Government says no political prisoners held, rejecting allegations of more arrests.
His comments came in a speech on Thursday to 13,000 soldiers following an annual military parade celebrating the army’s strength.
The 74-year-old general, who has reportedly been suffering from ill-health, said his military government “has been making necessary preparations without losing sight of its ultimate aim, to hand over the state powers to the people.”
Armed Forces Day, a national holiday in Myanmar, celebrates the Burmese Independent Army’s revolt against Japanese occupation during the Second World War.
This year’s parade comes six months after Myanmar‘s ruling military launched a bloody crackdown on anti-government protests triggered by rising fuel prices.
Avoiding any mention of the protests in his speech, Than Shwe instead called on his troops “to join hands with the people to crush internal and external destructive elements sabotaging stability and progress of the state.”
Thursday’s parade took place in the military government’s remote and newly-built capital, Naypyidaw – a hot and dusty town surrounded by dense forests in central Myanmar.
The pomp and ceremony of the parade contrasts sharply with the daily hardships suffered by most of Myanmar‘s people.
Reports from activists and aid groups say that poverty has only worsened following the September crackdown with Thursday’s parade an illustration that the military has no intention of relinquishing its powerful position.
Trevor Wilson, a former Australian ambassador to Myanmar, told Al Jazeera that for Myanmar‘s military rulers Armed Forces Day is the most important ceremonial event in the calendar.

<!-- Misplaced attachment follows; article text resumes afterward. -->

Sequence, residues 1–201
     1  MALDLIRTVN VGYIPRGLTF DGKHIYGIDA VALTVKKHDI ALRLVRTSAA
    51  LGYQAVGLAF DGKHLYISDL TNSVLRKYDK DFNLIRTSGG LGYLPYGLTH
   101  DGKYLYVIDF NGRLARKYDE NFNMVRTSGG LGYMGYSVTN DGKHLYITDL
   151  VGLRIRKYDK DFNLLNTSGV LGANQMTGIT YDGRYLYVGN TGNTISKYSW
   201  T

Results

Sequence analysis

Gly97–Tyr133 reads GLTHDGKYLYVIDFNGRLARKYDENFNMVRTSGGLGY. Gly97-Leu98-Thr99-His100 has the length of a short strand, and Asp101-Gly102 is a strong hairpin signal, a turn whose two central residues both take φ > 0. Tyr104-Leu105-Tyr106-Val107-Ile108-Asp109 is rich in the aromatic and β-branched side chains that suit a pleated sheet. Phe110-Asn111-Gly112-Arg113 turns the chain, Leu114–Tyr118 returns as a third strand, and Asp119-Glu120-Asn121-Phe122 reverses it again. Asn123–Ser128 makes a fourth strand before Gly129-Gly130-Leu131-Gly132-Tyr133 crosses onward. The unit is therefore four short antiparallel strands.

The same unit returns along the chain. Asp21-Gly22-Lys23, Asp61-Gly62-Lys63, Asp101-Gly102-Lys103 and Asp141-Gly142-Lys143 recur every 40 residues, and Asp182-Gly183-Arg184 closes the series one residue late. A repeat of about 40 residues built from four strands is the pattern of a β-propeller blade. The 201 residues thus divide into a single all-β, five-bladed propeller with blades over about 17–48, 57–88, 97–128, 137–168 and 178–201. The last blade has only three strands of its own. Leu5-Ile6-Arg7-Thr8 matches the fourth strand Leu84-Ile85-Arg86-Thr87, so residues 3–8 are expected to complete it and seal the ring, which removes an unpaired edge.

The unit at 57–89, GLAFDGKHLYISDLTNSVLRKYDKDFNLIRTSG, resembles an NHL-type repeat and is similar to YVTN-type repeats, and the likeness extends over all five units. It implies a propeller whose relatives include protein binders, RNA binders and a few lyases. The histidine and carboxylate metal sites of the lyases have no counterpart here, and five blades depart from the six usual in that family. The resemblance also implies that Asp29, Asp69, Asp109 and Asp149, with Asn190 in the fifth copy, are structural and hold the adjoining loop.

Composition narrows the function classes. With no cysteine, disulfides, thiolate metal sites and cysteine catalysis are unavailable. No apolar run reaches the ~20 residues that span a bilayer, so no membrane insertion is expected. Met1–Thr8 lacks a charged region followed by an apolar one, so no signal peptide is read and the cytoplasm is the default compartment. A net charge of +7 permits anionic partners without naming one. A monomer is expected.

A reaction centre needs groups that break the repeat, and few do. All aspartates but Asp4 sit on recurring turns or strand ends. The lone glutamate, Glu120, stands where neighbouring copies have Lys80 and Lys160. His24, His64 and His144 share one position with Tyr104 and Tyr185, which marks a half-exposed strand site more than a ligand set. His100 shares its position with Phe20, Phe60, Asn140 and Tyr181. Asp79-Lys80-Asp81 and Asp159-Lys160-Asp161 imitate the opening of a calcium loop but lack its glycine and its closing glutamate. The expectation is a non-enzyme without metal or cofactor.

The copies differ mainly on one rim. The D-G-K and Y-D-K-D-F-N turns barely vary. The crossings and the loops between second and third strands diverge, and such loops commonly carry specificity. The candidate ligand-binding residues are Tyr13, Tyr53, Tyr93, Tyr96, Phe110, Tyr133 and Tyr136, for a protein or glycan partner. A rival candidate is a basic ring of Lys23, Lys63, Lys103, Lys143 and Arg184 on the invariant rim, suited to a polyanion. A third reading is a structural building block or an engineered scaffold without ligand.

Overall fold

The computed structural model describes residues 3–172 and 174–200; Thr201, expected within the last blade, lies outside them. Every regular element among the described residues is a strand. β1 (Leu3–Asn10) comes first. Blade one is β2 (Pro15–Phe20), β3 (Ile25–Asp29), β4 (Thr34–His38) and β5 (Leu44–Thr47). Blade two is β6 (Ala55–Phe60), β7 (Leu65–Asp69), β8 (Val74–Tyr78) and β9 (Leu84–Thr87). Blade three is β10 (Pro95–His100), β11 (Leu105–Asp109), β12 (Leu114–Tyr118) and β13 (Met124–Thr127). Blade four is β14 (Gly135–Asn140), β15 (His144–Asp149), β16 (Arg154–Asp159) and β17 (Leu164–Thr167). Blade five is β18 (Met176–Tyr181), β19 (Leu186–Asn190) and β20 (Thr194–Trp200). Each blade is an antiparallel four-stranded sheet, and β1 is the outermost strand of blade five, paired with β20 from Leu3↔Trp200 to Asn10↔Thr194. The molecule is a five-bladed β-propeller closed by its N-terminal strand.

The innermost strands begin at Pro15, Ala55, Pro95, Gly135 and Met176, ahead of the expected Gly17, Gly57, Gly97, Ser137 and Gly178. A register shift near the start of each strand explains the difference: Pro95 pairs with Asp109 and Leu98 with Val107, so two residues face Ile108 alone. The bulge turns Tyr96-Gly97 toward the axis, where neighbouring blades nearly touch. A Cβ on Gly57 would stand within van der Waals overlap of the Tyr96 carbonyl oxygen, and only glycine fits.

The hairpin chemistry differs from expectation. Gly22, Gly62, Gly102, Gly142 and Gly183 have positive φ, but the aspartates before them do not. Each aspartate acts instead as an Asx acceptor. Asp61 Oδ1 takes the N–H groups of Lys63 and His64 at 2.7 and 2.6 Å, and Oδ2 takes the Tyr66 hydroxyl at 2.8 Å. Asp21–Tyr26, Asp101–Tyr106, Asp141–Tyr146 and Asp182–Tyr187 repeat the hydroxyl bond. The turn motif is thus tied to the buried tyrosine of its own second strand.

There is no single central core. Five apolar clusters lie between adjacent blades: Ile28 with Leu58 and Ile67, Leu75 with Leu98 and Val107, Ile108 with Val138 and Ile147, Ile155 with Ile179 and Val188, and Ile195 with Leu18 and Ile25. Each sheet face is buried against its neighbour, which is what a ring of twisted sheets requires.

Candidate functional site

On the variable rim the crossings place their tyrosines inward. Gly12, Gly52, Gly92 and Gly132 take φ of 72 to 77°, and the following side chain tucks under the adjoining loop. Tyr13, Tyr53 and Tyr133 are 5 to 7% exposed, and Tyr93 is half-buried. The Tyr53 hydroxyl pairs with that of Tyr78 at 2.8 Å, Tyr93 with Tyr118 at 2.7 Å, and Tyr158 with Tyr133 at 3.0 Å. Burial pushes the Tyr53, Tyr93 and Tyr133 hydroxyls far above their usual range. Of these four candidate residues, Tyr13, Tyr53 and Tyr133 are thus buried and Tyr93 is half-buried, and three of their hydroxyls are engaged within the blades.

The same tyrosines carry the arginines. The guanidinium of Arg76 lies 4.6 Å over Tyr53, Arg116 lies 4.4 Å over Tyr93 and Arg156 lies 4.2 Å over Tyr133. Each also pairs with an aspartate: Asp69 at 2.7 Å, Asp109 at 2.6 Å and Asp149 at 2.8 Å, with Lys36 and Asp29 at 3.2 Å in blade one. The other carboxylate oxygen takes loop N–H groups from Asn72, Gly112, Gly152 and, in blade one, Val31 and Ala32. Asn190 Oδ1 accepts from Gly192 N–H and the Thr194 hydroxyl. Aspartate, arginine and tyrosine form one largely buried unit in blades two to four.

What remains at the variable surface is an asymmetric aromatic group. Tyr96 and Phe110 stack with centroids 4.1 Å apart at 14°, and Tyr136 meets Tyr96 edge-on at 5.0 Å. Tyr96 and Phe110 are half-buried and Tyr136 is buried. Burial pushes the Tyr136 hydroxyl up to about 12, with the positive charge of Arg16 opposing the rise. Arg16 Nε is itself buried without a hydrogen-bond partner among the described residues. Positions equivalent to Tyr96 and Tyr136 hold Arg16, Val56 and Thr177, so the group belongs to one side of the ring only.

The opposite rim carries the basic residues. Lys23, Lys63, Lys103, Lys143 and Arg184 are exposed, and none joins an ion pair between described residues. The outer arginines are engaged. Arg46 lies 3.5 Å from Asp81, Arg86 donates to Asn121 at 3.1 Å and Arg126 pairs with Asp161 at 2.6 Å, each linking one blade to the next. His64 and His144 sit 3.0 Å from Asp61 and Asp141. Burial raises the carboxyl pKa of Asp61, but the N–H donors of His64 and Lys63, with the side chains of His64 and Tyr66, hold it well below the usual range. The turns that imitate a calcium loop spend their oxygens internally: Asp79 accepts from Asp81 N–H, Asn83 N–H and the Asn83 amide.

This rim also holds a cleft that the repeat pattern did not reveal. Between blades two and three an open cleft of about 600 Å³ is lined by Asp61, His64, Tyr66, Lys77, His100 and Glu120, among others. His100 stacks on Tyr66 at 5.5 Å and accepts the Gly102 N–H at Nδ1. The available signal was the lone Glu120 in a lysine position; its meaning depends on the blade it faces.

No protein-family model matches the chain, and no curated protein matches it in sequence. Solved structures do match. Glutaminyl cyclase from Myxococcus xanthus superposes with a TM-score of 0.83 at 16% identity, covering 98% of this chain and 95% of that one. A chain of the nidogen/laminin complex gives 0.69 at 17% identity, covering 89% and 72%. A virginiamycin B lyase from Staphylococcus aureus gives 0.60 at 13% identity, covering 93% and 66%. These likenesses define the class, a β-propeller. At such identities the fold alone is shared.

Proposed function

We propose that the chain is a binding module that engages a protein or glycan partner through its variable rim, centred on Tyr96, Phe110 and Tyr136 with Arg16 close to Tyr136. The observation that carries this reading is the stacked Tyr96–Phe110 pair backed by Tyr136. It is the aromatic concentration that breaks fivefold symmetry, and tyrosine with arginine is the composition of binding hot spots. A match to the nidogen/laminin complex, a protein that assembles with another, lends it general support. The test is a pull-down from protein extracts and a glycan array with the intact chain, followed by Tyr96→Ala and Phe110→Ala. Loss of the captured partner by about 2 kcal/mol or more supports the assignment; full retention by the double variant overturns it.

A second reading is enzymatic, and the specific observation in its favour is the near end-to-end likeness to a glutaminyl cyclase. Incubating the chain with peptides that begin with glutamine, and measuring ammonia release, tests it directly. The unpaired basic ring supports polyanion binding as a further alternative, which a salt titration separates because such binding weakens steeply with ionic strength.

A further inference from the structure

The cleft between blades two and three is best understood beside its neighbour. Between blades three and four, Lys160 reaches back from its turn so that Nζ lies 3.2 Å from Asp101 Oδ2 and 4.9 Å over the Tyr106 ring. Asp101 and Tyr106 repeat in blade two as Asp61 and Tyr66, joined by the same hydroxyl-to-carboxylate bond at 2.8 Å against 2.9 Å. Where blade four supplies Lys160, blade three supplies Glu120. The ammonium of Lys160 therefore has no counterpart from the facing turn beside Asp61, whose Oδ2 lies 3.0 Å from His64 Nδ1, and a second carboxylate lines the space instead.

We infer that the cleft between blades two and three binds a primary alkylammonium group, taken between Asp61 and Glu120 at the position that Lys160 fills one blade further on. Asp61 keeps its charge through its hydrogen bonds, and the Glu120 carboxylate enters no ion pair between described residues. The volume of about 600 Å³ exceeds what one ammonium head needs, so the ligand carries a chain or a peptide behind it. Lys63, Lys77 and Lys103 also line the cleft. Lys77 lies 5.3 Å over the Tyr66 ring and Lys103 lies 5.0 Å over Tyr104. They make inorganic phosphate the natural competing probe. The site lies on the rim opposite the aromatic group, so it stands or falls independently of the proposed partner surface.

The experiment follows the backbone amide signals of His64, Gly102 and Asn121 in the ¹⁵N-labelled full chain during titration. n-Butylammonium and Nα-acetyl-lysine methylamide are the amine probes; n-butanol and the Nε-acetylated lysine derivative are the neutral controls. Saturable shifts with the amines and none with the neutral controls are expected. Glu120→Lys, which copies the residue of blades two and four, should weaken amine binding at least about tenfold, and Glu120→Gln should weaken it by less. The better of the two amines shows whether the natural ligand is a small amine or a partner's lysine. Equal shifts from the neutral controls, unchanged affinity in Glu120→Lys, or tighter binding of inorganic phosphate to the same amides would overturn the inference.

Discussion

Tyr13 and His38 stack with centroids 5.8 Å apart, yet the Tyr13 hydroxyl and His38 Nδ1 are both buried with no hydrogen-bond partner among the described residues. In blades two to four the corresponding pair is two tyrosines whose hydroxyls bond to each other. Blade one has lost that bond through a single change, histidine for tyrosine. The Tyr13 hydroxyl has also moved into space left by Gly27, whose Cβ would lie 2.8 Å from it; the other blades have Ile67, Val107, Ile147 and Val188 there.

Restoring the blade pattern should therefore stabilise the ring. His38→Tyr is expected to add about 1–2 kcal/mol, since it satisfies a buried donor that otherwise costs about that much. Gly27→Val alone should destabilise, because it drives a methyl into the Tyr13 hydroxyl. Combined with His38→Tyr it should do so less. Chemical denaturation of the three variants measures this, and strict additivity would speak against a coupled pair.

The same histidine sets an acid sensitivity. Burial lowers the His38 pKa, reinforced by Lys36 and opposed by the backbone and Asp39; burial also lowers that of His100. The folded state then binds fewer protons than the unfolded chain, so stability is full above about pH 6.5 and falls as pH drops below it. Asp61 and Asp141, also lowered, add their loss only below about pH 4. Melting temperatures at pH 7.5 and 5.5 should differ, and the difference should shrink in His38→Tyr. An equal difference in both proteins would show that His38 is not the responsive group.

He said the parades are not designed to show off military hardware, but rather “to showcase the important role that the army has played in the formation and maintenance of the state.”
Earlier this month the United Nations’ special envoy to Myanmar, Ibrahim Gambari, visited the country for the third time since the crackdown.
The visit had been intended to push forward mediation efforts between the military and the opposition, but made apparently little progress.
Gambari’s requests to meet Than Shwe were turned down, although the envoy was allowed to hold two rounds of talks with Aung San Suu Kyi, Myanmar‘s detained opposition leader.
The military government also turned down Gambari’s proposal for a UN role in a referendum scheduled for May on a new constitution.
The draft constitution – which has so far not been made public – forms a key stage in what the military calls its “roadmap to democracy”, paving the way to multiparty elections in 2010.
However, under the new constitution Aung San Suu Kyi will be barred from standing in the election because she was married to a foreigner.
Her husband, British citizen Michael Arris, died in 1999.